Happy Thanksgiving! You probably don’t want to talk politics with your Uncle Al, but it’s going to come up.
A CNN poll this week found that about 4 in 10 Americans are paying very close attention to the impeachment proceedings — but almost everyone has an opinion about it. Here’s what you need to know about impeachment to not sound like a stuffed turkey in front of your family and friends.
1. Is Trump going to be impeached?
Yes, probably — but that’s not the same as being removed from office. Here’s how it all works.
It’s clear that the Democrats who control the House believe they have the votes to impeach President Donald Trump. He’d be only the third president in history to suffer that indignity after Bill Clinton in 1998 and Andrew Johnson in 1868. Richard Nixon resigned rather than be impeached in 1974, but he did so only when Republican senators made clear they’d also vote to remove him from office. Trump faces no such insurrection yet.
2. When is Trump going to be impeached?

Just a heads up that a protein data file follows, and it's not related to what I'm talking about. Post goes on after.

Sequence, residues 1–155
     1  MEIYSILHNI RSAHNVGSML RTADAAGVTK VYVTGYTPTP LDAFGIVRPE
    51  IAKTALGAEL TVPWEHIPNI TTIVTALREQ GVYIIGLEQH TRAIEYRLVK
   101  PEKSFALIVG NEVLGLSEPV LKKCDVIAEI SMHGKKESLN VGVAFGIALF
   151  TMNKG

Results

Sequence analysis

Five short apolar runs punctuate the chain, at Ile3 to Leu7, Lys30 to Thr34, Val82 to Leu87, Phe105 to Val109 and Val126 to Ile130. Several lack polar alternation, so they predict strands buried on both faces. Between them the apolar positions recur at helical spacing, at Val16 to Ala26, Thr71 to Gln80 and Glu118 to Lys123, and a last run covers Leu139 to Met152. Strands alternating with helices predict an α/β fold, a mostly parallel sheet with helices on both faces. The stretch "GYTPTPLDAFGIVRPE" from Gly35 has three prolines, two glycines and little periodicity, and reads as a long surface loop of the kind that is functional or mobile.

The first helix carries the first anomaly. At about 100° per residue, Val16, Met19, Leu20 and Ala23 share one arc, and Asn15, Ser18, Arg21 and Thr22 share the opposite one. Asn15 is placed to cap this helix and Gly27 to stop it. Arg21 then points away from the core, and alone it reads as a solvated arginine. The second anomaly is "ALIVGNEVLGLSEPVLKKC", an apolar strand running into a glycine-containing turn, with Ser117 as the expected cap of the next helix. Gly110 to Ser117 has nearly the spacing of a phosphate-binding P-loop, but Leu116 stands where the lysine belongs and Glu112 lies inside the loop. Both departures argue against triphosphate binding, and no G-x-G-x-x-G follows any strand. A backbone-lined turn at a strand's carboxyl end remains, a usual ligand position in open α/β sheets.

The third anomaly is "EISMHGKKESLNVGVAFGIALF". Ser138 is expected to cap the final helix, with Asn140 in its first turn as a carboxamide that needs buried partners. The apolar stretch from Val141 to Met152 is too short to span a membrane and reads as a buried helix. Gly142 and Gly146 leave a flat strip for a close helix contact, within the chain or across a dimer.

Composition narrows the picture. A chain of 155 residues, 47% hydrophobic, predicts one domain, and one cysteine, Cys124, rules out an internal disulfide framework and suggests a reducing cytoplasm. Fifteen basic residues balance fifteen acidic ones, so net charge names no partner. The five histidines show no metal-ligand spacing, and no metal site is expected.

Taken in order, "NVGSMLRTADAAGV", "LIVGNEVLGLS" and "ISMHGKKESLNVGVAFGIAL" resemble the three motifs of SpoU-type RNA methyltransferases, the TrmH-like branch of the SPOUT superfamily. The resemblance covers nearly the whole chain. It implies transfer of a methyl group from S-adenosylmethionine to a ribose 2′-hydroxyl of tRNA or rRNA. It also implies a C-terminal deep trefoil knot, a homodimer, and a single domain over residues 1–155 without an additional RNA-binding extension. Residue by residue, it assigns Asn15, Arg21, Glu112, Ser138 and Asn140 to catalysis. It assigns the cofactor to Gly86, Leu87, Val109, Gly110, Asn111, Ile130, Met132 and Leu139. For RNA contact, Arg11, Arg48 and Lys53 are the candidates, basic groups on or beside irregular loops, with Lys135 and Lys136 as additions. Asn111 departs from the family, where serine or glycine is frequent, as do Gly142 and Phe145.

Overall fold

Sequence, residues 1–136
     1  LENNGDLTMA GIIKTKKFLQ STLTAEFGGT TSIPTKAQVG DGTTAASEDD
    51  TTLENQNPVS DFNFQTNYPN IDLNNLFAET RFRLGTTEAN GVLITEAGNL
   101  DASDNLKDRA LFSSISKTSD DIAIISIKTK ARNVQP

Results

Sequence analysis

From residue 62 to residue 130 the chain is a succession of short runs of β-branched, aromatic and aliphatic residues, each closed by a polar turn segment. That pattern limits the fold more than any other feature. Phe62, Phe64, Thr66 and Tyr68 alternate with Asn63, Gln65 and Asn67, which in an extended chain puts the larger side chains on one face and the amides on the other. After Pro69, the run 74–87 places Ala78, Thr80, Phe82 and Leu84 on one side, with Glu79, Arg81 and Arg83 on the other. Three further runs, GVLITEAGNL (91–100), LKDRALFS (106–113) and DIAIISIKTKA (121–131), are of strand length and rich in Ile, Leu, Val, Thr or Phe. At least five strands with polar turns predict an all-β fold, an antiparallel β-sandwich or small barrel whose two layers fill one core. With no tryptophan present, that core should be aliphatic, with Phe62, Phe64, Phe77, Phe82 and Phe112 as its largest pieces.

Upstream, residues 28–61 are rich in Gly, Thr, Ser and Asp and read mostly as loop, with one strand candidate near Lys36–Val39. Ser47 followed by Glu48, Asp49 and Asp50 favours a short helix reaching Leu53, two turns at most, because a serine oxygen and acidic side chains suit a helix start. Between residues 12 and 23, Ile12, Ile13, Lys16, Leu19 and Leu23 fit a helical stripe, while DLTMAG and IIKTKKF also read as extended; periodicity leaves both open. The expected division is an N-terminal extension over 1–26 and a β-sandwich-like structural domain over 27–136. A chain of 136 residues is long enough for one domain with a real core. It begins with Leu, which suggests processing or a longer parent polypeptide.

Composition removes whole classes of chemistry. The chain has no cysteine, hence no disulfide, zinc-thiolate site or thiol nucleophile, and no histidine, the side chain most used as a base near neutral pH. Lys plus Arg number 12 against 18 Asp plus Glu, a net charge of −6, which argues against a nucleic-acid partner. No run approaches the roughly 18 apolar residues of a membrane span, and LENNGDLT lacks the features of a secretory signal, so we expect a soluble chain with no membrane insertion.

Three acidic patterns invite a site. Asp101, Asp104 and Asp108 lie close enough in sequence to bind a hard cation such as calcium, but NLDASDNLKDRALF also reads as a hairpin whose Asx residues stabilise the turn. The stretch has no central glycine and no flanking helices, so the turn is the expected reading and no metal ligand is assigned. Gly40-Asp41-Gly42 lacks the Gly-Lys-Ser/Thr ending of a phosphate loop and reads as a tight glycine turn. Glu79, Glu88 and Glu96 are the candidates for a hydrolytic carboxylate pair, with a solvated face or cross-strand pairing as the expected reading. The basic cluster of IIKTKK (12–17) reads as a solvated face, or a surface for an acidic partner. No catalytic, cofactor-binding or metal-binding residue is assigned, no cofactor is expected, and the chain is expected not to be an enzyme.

Long story short: A vote might happen by Christmas.
After two weeks of public hearings, Democrats are spending this holiday week writing up a report on what we learned from the hearings and they’re also starting to craft articles of impeachment, the official accusations they’ll vote on. That will take a little time, but the House Judiciary Committee has already scheduled procedural hearings starting the first week of December.
3. How close will the impeachment vote be?
Impeaching a President only takes a majority vote in the House. Democrats have a majority in the House and then some. The current breakdown is 233 Democrats to 197 Republicans with one independent — that’s Rep. Justin Amash of Michigan, who left the Republican Party earlier this year because of his opposition to Trump and his support for impeachment proceedings.
So Democrats can lose 18 of their own members and still have the votes to impeach Trump.
4. What happens if Trump is impeached?
According to the Constitution, the the Senate conducts a trial to decide if an impeached President should be removed from office. But while a simple majority can impeach a President in the House, it takes a supermajority in the Senate — 67 of 100 members — to remove an impeached President from office.
Republicans hold a majority in the Senate of 53-45, though two independents almost always side with Democrats. (Those would be Vermont’s Bernie Sanders and Maine’s Angus King.)
The final math: 20 Republicans would have to cross the aisle to vote to remove Trump from office.